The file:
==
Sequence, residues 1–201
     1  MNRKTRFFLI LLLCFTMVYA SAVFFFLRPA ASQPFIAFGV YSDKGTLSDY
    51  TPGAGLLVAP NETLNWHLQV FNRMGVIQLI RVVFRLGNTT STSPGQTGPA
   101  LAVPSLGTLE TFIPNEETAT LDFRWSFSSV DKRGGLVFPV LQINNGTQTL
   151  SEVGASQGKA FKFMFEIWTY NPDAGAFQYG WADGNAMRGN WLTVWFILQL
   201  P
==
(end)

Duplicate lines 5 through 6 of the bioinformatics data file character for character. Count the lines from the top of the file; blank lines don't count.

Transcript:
   151  SEVGASQGKA FKFMFEIWTY NPDAGAFQYG WADGNAMRGN WLTVWFILQL
   201  P